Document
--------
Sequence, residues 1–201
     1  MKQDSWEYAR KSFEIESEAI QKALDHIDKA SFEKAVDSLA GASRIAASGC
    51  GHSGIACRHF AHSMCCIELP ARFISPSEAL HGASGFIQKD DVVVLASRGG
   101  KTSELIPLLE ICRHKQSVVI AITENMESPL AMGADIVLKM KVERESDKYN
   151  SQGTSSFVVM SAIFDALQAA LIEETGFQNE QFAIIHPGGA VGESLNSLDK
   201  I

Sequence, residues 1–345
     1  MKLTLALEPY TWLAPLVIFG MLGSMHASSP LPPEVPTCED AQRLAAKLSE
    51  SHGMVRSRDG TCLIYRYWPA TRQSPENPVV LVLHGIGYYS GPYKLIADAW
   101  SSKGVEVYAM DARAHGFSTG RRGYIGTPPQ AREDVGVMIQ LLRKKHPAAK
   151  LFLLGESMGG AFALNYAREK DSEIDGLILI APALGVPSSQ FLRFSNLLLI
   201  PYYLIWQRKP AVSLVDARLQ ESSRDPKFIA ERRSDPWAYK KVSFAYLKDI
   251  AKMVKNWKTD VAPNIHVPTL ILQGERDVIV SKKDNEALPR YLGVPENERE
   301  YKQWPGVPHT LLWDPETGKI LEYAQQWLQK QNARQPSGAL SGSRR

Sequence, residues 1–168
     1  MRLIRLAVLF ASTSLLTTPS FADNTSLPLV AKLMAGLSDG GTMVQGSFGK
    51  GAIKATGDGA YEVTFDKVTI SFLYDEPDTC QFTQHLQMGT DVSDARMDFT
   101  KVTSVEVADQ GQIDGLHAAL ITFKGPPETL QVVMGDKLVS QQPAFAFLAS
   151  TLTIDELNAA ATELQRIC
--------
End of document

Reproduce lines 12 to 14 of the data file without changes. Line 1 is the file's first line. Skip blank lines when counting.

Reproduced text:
   201  PYYLIWQRKP AVSLVDARLQ ESSRDPKFIA ERRSDPWAYK KVSFAYLKDI
   251  AKMVKNWKTD VAPNIHVPTL ILQGERDVIV SKKDNEALPR YLGVPENERE
   301  YKQWPGVPHT LLWDPETGKI LEYAQQWLQK QNARQPSGAL SGSRR